European Central Bank stress tests fail 25 big banks short $32 billion

Joseph Lawler,  Washington Examiner

The European Central Bank announced Sunday that 25 big banks had failed its stress tests meant to identify weaknesses in the financial system.

Those banks face a capital shortfall of 25 billion euros, or roughly $32 billion, although their financial footing has improved.

The ECB revealed the results of its large-scale, year-long examination of 130 European banks Sunday in Frankfurt, Germany, as it is set to become the sole supervisor of big banks in the euro area in November.

Announcing the stress test results, ECB Vice President Vítor Constancio said that the findings would “guarantee that the economic recovery will not be hampered by credit supply restrictions coming from the banking sector, provided that there is enough aggregate demand.”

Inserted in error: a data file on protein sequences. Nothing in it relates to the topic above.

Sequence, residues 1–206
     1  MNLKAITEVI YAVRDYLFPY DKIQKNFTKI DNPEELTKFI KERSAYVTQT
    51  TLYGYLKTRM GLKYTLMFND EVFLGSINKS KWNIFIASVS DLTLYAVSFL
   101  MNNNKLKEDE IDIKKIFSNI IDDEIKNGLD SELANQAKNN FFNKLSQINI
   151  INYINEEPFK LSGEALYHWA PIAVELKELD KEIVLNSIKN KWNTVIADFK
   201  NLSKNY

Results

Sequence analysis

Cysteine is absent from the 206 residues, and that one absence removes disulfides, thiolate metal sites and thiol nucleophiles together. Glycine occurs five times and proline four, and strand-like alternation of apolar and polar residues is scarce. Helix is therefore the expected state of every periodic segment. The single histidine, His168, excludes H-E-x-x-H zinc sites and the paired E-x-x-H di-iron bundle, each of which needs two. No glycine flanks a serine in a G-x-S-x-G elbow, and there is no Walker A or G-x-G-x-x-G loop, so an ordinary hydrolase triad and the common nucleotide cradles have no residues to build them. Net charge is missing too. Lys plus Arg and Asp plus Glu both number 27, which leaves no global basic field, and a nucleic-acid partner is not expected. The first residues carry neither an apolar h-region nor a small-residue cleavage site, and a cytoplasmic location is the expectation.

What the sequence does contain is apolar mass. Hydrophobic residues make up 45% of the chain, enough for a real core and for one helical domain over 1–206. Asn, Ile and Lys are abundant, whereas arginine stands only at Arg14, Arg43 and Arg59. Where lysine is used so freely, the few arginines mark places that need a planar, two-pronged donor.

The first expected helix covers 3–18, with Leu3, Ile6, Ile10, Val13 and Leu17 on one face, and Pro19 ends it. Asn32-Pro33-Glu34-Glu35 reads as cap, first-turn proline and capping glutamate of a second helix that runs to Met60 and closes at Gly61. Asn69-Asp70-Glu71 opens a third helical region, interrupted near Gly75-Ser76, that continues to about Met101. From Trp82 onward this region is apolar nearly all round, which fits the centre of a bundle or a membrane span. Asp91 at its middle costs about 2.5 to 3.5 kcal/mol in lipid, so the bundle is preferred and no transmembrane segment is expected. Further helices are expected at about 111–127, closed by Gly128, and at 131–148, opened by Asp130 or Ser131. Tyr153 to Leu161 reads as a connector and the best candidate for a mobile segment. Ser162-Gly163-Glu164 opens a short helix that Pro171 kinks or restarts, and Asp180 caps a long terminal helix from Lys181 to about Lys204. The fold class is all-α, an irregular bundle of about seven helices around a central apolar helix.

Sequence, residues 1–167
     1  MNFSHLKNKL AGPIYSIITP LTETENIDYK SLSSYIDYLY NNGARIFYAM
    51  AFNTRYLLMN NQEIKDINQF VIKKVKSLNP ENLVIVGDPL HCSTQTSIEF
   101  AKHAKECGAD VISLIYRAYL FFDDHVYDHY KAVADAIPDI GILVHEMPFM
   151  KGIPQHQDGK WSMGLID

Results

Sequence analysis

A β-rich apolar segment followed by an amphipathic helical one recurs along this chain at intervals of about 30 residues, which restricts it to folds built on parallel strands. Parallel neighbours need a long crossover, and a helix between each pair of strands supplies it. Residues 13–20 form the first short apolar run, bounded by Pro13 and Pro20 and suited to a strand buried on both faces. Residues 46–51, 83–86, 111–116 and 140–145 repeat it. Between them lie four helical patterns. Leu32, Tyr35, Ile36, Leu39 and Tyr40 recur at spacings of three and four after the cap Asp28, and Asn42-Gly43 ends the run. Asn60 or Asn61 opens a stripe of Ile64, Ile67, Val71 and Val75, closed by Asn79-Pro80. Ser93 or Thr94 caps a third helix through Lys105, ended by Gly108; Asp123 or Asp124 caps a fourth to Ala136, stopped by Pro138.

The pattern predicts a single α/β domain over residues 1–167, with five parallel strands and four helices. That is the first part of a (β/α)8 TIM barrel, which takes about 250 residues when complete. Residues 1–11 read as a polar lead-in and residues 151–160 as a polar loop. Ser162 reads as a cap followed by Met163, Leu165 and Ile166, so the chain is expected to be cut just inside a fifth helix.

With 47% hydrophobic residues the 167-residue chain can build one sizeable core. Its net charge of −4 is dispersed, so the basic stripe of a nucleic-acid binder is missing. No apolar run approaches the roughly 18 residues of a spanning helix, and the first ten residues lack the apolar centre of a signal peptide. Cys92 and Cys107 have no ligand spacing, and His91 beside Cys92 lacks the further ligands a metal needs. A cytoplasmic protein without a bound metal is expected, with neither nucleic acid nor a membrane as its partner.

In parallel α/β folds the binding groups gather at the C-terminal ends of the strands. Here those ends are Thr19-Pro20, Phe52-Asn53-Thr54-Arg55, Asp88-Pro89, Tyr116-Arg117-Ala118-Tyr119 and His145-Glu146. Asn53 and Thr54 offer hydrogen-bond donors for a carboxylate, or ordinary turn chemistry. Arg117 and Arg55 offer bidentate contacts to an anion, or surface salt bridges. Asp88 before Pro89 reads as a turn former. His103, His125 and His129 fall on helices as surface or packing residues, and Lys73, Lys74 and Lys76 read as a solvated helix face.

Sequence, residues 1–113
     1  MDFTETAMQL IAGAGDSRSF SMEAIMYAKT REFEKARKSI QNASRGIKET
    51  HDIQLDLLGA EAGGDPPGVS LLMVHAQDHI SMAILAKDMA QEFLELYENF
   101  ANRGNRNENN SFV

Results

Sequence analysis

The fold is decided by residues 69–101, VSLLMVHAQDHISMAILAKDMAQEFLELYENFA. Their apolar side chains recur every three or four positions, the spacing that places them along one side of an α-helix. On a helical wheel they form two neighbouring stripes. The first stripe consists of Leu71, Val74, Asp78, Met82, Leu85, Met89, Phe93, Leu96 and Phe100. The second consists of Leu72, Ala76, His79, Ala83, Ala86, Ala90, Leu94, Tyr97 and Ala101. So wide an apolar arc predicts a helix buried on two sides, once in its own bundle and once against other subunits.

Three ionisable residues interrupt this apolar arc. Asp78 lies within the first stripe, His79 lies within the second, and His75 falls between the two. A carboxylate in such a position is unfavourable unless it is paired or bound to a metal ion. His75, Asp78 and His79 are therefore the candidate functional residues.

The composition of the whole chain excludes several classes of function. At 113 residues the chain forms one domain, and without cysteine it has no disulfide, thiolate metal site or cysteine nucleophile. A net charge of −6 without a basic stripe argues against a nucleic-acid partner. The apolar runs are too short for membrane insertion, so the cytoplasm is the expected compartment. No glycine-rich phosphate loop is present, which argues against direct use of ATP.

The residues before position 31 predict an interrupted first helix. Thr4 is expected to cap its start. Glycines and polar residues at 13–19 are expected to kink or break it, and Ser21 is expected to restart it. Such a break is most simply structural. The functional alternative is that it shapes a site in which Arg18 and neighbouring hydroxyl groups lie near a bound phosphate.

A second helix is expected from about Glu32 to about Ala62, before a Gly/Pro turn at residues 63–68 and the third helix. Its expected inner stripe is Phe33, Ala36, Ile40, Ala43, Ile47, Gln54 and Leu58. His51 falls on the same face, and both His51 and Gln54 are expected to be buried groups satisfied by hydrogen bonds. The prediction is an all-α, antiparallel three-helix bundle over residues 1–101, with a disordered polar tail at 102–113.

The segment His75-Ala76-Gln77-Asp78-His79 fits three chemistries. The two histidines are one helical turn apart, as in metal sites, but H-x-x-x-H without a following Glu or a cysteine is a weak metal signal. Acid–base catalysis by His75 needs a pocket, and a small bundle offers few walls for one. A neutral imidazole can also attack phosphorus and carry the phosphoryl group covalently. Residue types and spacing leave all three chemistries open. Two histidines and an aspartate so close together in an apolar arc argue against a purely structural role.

The tests, which simulate what would happen to banks in the case of a recession and financial market turbulence, showed special weakness in banks in Italy, where nine banks failed, as well as Cyprus and Greece. Of the 25 banks that failed, 12 had already taken steps to cover their capital shortfalls, the ECB said.

The stress tests also revealed that banks could be left hanging on 136 billion euros’ worth of loans that may not be repaid.

The stress tests included more banks and were more comprehensive than in past years in order to provide more confidence in banks’ strength as bank lending stagnates and the euro area economy teeters on the edge of recession. Previous tests had only failed half the number of banks, and had not identified weaknesses at banks that later did fail. The ECB is simultaneously engaged in bond-buying programs to spur lending as it aims to stave off the possibility of deflation. Euro area unemployment is more than 11 percent.

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